Academic journal article Global Governance

International Administration of War-Torn Societies

Academic journal article Global Governance

International Administration of War-Torn Societies

Article excerpt

There is nothing wholly new under the sun. Examples of international administration can be found in the early and mid-twentieth century--and even the late nineteenth, if one counts the infamous International African Association used by the King of the Belgians to legitimize his personal landgrab in the Congo. But those were exceptions, in an age when empire was generally not afraid to speak its name. Nonsovereign territories usually fell under the control of a single imperial power. That model was on the whole simpler and more efficient than the creation of an ad hoc multinational bureaucracy, and this was implicitly recognized in the system of mandates introduced by the League of Nations and later inherited by the UN under the name of trusteeship. One member state assumed control of, and responsibility for, the destiny of the territory concerned and was (notionally at least) accountable for its management to the rest of the international community.

By the late twentieth century, however, imperialism had been more or less universally abandoned, at least in its overt form. The populations of former UN trust territories had all achieved independence, either becoming sovereign states in their own right or (as in the case of Togoland and Northern Cameroons) opting to unite with neighboring ones. Palau was the last to achieve independence. The Trusteeship Council, defined by the UN Charter as one of the "principal organs" of the UN, has withered to a kind of vermiform appendix, holding only token meetings to acknowledge that it has no business to transact. Its splendid chamber at UN headquarters in New York, situated between those of the Economic and Social Council (ECOSOC) and the Security Council, has become, in effect, no more than an extra conference room, available for miscellaneous meetings to which it seems appropriate to give a touch of solemnity or magnificence not available in the basement.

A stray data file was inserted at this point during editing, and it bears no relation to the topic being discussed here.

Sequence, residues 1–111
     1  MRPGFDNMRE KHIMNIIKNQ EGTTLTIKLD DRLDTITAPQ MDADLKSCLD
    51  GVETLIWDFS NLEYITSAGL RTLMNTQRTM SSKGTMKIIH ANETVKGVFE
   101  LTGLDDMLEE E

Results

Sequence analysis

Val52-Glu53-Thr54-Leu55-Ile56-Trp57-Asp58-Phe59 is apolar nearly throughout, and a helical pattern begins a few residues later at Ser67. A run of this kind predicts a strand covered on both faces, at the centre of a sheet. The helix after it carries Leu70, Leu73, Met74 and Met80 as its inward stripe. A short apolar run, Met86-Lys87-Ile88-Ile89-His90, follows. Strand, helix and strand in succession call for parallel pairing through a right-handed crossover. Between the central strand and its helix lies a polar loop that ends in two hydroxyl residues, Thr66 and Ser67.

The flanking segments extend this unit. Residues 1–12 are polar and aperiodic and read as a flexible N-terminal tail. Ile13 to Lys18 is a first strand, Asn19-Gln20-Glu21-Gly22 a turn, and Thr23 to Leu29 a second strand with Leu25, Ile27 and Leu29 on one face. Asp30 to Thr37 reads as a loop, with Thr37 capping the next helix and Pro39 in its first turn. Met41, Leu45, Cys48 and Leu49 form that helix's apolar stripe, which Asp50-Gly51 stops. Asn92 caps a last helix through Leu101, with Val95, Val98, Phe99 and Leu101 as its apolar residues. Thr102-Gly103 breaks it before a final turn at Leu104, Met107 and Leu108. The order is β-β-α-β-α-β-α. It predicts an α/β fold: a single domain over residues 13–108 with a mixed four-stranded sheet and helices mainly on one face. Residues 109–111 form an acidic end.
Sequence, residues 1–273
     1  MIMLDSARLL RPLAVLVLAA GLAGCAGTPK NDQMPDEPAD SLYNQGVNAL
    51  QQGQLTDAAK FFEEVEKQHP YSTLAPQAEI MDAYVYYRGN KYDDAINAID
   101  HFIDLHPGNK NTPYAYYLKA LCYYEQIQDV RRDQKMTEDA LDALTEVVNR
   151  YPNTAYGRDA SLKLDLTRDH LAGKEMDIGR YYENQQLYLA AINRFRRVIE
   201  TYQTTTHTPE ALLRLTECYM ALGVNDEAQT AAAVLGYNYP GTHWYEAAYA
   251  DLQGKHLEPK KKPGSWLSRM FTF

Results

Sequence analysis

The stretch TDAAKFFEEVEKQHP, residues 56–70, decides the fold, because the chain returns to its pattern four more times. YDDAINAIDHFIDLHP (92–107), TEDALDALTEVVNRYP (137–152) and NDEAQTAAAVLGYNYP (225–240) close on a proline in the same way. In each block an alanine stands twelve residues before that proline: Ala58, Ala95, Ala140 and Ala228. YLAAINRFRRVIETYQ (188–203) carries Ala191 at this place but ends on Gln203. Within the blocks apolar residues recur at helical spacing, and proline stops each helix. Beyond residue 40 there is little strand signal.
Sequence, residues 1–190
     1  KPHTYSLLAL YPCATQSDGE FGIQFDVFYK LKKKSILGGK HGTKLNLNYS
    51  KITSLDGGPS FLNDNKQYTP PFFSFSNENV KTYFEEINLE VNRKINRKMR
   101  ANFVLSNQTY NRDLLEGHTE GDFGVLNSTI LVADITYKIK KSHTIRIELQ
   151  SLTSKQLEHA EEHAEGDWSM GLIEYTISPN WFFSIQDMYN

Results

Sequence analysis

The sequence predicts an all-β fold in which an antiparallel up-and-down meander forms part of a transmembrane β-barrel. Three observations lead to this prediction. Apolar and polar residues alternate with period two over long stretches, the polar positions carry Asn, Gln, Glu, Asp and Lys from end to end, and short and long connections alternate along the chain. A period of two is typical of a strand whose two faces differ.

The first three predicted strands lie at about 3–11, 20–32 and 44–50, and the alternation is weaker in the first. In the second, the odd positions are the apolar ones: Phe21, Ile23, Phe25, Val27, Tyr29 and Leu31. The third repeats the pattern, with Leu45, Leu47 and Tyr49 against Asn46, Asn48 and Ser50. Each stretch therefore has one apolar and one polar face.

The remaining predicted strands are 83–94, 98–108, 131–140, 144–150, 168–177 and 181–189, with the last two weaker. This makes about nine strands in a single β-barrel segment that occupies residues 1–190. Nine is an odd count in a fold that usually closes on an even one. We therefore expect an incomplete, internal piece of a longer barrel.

Yet, for a variety of reasons, the last decade of the twentieth century witnessed what one might call a lapse of sovereignty in various territories, which brought them willy-nilly onto the international agenda; and there are reasons to think that this phenomenon will continue, perhaps even expand, in the twenty-first.

The term international administration may not always be the most accurate description of what happened, but there were clearly some elements of that in Namibia, in the late 1980s, and more in Cambodia, in the early 1990s, where the UN mission was actually called, perhaps misleadingly, a "transitional administration." The same title was used more precisely, later in the decade, for the arrangements in Eastern Slavonia. Meanwhile, there was the anomalous case of the three "northern governorates" in Iraq, which from 1991 onward became a kind of unadmitted international protectorate. No less anomalous, although much more explicitly defined, has been, since the Dayton accords of 1995, the constitutional order in Bosnia and Herzegovina--nominally a fully sovereign member state of the UN, yet one in which an internationally appointed high representative (of what or of whom the accords failed to specify) has power to overrule the decisions of locally elected officials and legislators.

Next came Kosovo, still legally part of Serbia but ruled since 1999 by a composite and complex international administration--this time the term is clearly apt--of which the civilian parts are under UN authority while the military arm, though authorized by the UN Security Council, is organized by NATO. And even while those arrangements were being put in place, the UN found itself entrusted with full authority, including control of the military, in East Timor. The crucial difference is, of course, that in the latter case the ultimate destination of independence was clear from the start and was reached in 2002 with the proclamation of the sovereign state of Timor-Leste, while in the former case international administration is likely to be prolonged, if not perpetuated, by the inability of the international community to decide whether the Kosovar population should remain citizens of Serbia or be allowed to establish a fully independent state of their own. …

Search by... Author
Show... All Results Primary Sources Peer-reviewed

Oops!

An unknown error has occurred. Please click the button below to reload the page. If the problem persists, please try again in a little while.